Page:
PG&E charged with obstruction of justice in 2010 explosion investigation

Prosecutors say the company attempted to mislead National Transportation Safety Board investigators

Pacific Gas & Electric (PG&E) was already going to pay heavily for a 2010 pipeline explosion that killed eight and destroyed parts of the Northern California neighborhood of San Bruno. But according to government regulators, the company now faces a different sort of charge — lying to investigators.

The U.S. attorney in San Francisco announced on July 29 that PG&E is charged obstruction of justice and 27 related counts following an investigation into the explosion. The new charges replace an older indictment that contained 12 counts related to the company’s safety practices.

The charges allege that PG&E officials attempted to mislead National Transportation Safety Board investigators about pipeline testing and maintenance procedures. According to prosecutors, the company’s testing and maintenance policies did not reach federal standards during and for six months after the explosion.

Investigators later found that PG&E had inaccurate records for more than 6,000 miles of gas transmission lines and had not tested for the defective seam weld that later caused the explosion.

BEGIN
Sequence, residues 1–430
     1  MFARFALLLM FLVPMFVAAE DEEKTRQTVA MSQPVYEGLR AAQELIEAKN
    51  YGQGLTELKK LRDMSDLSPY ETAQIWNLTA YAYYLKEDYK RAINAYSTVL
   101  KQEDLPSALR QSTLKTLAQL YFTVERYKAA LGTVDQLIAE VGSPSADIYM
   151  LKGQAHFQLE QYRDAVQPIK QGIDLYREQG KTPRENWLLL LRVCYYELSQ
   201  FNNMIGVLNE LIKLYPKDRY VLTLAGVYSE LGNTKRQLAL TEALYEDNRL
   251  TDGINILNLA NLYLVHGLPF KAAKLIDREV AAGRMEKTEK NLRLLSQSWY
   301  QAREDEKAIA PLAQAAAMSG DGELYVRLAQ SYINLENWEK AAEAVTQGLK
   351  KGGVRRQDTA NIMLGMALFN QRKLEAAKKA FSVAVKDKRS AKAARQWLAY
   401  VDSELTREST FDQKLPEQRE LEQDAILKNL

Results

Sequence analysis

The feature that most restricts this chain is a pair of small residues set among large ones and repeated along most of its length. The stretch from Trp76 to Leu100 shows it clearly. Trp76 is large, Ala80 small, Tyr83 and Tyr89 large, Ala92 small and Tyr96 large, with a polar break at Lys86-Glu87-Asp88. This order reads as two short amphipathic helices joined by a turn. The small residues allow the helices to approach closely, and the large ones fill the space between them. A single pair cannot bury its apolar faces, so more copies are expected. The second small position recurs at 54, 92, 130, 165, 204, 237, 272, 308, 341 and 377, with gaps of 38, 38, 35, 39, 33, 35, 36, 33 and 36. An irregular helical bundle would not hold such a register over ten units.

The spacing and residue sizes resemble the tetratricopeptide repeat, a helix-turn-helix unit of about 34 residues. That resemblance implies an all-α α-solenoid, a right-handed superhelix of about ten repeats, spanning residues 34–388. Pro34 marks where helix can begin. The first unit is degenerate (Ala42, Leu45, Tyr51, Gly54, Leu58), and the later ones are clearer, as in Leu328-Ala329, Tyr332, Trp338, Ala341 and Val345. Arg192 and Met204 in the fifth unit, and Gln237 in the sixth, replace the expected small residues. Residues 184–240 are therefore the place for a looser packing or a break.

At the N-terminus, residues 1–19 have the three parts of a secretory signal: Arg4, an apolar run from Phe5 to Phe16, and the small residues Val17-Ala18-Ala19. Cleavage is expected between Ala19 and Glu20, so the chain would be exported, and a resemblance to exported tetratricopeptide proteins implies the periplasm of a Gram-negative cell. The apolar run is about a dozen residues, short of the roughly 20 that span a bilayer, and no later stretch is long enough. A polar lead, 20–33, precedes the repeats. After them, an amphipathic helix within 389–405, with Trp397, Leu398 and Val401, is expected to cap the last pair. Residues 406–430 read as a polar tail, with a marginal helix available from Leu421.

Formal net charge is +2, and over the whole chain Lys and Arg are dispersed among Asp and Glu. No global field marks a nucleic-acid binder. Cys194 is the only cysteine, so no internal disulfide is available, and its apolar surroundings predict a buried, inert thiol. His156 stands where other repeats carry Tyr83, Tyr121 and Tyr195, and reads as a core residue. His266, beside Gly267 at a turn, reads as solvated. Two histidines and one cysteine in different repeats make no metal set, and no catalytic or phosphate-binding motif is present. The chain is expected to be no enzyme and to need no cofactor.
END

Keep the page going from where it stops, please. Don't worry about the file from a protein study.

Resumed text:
“The consequence of this practice was that PG&E did not prioritize as high-risk, and properly assess, many of its oldest natural gas pipelines, which ran through urban and residential areas,” the U.S. attorney’s office said in a statement.

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The Natural Gas Pipeline Safety Act of 1968 (PSA) indicates that the maximum penalty for violations is double the gross gain made as a result of the violations. The indictment alleges that PG&E made gross gains of $281 million, and victims of the explosion suffered losses of approximately $565 million. The company is also facing around $2.5 billion in civil penalties related to the explosion.

According to the Associated Press, PG&E expected these increased charges. In June, company spokesman Greg Snapper said the company was awaiting word of the charges, but added, “However, based on all of the evidence we have seen to date, we do not believe that the charges are warranted and that, even where mistakes were made, employees were acting in good faith to provide customers with safe and reliable energy.”

Sun Bruno officials say the charges are a good start, with San Bruno Mayor Jim Ruane saying, “The new criminal charges demonstrate a pattern of deceit by PG&E.” However, the company also called for the resignation of the head of the California Public Utilities Commission, saying the regulator prosecuting PG&E in a civil case has improper ties with the company.

Assistant Editor

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Zach Warren

Zach Warren is Assistant Editor of InsideCounsel magazine, where he oversees online content submissions and administers InsideCounsel's enewsletters. Zach specializes in new media and multimedia...

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